The position of in-house counsel for your company carries weighty responsibilities, which makes finding the right individual extremely important. Legal recruiting can be challenging for a company since most law departments are not in constant need of new talent and the legal recruitment process typically commences from a cold-start. Add the time constraints from internal corporate clients of finding the perfect match and you can be faced with a potentially frustrating endeavor.
One of the greatest challenges for hiring managers is working with a limited or non-existent candidate pool. Nonetheless, with the relentless ticking of the clock, managers must develop and execute a stringent and thorough hiring process to ensure the vital role of in-house counsel is filled by the most qualified lawyer.
Failure to hire in-house counsel who is the best fit could result in legal issues, lost competitive ground, a jeopardized brand reputation, wasted time and lost money. If you ever find yourself responsible for recruiting in-house counsel for your company, here are some tips on how to succeed in fewer than 100 days.
Set a Timeline and Realistic Goals
Budget each phase of the hiring process to fit within a 100-day schedule. Set deadlines for each phase, including a resume acceptance cut-off date, a review period and a block of time for interviews. Make certain the goals you set for your hiring process are realistic, meaning they can be obtained given your current workload and time constraints.
Know Your Ideal Candidate
Develop and refine the ideal candidate profile by involving key executives. They many not have time to engage with all phases of hiring, but they can help to refine a list of essential characteristics.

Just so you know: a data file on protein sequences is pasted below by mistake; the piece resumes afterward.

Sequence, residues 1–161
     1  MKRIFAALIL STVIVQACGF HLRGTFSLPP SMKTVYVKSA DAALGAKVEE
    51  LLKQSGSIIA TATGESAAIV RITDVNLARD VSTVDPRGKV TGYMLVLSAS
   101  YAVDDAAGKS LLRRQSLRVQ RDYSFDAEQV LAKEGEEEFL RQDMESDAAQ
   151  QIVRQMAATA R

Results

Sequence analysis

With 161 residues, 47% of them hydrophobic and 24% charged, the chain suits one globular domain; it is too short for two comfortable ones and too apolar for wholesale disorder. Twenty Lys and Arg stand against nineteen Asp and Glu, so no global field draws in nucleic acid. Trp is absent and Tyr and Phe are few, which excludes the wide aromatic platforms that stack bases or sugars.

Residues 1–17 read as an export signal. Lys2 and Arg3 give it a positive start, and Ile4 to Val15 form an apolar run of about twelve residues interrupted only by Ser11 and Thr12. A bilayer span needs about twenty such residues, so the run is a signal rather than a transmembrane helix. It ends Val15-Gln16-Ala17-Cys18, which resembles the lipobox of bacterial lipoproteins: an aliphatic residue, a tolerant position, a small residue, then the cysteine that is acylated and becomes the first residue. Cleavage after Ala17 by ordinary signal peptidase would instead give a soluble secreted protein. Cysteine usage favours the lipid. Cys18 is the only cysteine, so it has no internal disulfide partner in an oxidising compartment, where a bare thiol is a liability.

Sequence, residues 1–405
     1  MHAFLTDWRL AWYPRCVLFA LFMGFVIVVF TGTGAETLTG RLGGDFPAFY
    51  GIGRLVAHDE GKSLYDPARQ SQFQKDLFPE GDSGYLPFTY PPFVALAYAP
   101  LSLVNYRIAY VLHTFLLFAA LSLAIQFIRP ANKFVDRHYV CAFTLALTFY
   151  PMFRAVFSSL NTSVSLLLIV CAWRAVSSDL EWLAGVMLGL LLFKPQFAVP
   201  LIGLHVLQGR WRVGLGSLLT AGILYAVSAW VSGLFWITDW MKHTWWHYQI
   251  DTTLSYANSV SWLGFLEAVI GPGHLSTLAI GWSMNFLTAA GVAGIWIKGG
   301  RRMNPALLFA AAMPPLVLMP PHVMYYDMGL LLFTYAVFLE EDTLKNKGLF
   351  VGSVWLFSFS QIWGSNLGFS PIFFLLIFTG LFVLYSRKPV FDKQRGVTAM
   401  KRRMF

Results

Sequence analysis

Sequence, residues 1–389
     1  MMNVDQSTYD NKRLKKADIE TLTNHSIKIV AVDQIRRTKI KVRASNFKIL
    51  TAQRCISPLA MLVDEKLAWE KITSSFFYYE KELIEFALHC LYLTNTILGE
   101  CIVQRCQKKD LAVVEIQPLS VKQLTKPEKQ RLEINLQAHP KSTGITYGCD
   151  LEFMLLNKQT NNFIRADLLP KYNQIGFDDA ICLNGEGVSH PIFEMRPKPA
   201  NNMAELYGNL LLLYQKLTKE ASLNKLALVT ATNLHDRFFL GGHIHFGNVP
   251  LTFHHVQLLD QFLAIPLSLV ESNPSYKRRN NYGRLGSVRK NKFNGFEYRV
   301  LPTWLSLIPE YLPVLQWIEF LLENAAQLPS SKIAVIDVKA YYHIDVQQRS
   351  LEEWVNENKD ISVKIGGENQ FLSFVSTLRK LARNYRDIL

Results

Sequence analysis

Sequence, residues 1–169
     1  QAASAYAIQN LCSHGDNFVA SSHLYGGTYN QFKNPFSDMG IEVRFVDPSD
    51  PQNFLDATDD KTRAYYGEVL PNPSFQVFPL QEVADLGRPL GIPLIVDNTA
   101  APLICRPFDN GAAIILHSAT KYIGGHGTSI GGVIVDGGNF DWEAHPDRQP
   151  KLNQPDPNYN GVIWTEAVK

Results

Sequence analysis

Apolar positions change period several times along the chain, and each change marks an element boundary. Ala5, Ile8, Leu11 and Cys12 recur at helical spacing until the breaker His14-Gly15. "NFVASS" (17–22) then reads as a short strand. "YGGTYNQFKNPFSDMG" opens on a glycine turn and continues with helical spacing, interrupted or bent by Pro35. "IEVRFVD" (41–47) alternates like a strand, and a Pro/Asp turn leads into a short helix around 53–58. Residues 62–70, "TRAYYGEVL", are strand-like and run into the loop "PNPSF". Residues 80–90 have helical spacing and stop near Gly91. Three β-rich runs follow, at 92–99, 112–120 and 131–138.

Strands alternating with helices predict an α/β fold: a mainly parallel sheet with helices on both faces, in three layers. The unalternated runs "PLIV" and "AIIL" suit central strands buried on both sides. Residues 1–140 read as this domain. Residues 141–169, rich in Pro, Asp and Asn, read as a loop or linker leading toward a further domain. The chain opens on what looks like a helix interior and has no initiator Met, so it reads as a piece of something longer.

Determine the Most Attractive Way to Present the Opportunity
One of the biggest mistakes made when trying to attract top talent is spending too much time discussing the job specification, rather than the short and long term opportunity at hand. In order to attract the very best talent, you need to concentrate on what makes the opportunity great. This should include the short and long term potential career path, the impact the individual can make on the law department and company, the management team which the candidate will be working with as well as the selling points of the company and its prospects for the future.
Look Outside the Usual Suspects
Attend relevant conferences and be mindful of the speakers and keynotes, as they may be the rising talent you’re seeking. Leverage your network by sourcing outside counsel and other acquaintances who could potentially know a lawyer with the exact skills you seek. Consider looking in other states or industries for promising candidates who may have ties to your area. Don’t forget, the best candidates are often those already gainfully employed. Be sure to reach out directly to passive candidates and consider internal talent in addition to all others.
Hiring managers must be amiable but direct during interviews to execute a deep assessment of each qualified candidate while remaining conscious of time. To do this, you will need to know exactly what questions you need to ask, how to ask them and how to interpret the answers to gauge character, skill and experience. Don’t hesitate to define compensation expectations early on and be sure to interview for behavioral traits in addition to skills and experience, as compatibility with company culture is equally important.
Consider Enlisting the Help of a Legal Recruiting Firm
A legal recruiting firm with experience assessing in-house counsel candidates will have the relationships and industry expertise necessary to quickly find the right individual for your company. Hard-pressed by years of practice, top legal recruiting firms are already familiar with many of the lawyers you want to consider, are skilled at how to approach them, and assessing if they are a good fit for your company.
The best firms also provide consulting throughout the entire process, which is vital when filling a position as important as in-house counsel.
To learn more about how to assess legal candidates and ask the right questions, download our guide, “8 Ways to Evaluate Legal and Compliance Candidates.”